I saw a curious story the other day which reported the Minister of Finance and the National Party spokesperson on finance arguing over who was to blame (or who could take the credit) for the fall in the exchange rate that followed the Reserve Bank’s Monetary Policy Statement. From one side there seemed to be talk of the fall being part of the much-vaunted (but little seen) economic transition – the Prime Minister herself has claimed this – and from the other talk of loss of confidence in the economy, combined with some inflation risks.
Mostly it seems to be a difference about almost nothing. Here is one of the OECD measures of New Zealand’s real exchange rate, for which data are available back to 1970. Obviously, we don’t have Q3 data yet, but I’ve taken the fall in the nominal TWI measure of the exchange rate for this quarter to date (latest observation for the RB website today) and applied it to the Q2 data to proxy a current observation.
Over almost 50 years, there have been lots of ups and downs in the series, even in the period (up to early 1985) before the exchange rate was floating. Some have been the start of something pretty sustained – see the falls in the mid 70s, or after 1987. Others have been very shortlived (see for example the fall in 1986 or 2006 – times when, for example, markets got a bit ahead of themselves in thinking our economy was slowing and interest rates would be falling). Over the full period (and this is quarterly average data, which takes out some of the noise anyway) there have been at least eight episodes when this real exchange rate index has fallen by at least 10 index points (roughly 10 per cent). The last occasion was in 2015, as markets somewhat belatedly realised – not quite as belatedly as the then Governor – that the Reserve Bank’s OCR increases weren’t going to be sustained.
This episiode isn’t one of them. The latest (estimated) observation is a mere six per cent below the most recent peak (18 months ago). And the latest observation is nowhere near the low reached in the second half of 2015.
In fact, the current level of the TWI is 2.4 per cent below the average level for the June quarter. Over the entire life of the series (fixed and floating periods) the average quarterly change (up or down) has been 2.7 per cent. Taking just the floating period (since March 1985), the average quarterly change has been 3.1 per cent per quarter, and if we take just this decade (which, eyeballing things, has been a bit more stable, at least as regards big sustained moves) the average quarterly change has been 2.4 per cent.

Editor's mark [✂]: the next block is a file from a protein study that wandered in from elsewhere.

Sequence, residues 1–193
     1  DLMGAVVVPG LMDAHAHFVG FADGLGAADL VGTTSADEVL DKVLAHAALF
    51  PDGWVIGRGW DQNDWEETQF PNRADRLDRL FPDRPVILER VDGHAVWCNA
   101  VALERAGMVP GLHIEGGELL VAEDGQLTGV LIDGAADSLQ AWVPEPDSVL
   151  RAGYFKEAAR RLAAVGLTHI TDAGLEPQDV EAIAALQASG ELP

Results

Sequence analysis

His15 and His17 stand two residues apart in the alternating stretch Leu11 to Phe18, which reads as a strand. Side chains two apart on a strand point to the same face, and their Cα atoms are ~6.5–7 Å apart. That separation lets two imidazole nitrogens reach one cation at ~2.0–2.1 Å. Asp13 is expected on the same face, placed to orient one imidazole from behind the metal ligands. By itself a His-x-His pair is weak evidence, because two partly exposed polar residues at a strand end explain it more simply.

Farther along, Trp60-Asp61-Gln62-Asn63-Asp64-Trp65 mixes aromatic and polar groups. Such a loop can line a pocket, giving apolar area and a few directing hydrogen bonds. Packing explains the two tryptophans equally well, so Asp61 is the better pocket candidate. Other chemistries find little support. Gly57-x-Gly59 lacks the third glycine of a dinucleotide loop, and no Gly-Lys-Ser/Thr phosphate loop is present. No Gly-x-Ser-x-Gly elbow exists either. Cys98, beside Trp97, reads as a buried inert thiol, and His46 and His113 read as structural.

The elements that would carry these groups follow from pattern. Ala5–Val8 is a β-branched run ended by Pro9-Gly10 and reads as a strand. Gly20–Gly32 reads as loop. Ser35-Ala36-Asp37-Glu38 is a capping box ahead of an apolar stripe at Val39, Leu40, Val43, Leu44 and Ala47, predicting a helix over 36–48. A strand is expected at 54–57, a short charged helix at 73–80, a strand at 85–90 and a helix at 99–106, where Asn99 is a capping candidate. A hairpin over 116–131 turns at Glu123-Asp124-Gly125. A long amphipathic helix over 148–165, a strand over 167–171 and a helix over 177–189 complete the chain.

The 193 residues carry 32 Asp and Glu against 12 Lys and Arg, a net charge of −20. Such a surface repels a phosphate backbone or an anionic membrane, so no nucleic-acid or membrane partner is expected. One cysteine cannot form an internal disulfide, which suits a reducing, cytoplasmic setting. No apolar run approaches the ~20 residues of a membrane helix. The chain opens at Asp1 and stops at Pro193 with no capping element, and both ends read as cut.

Perhaps the fall we’ve seen so far this quarter (or even since the MPS last week) will be the start of something more. If there is a serious global risk-off event, or a serious New Zealand downturn, that probably would happen. But all we’ve seen so far is a change that is about the size of the change one sees, on average, each and every quarter – some up, some down, and most not implying anything very much for the economy.
The idea that the fall foreshadows some promised rebalancing in the economy is pretty laughable. There have been no policy changes to bring about any such rebalancing (any more than there were with the other – larger – falls in the previous 20+ years). Then again, so is the notion that a lower exchange rate – a modest fall at that – is a material inflation risk. The Reserve Bank itself published research a few years back suggesting noting that, in fact, a lower exchange rate has tended to be associated with lower non-tradables inflation, and often – notably when commodity prices are also fallling – with lower overall inflation.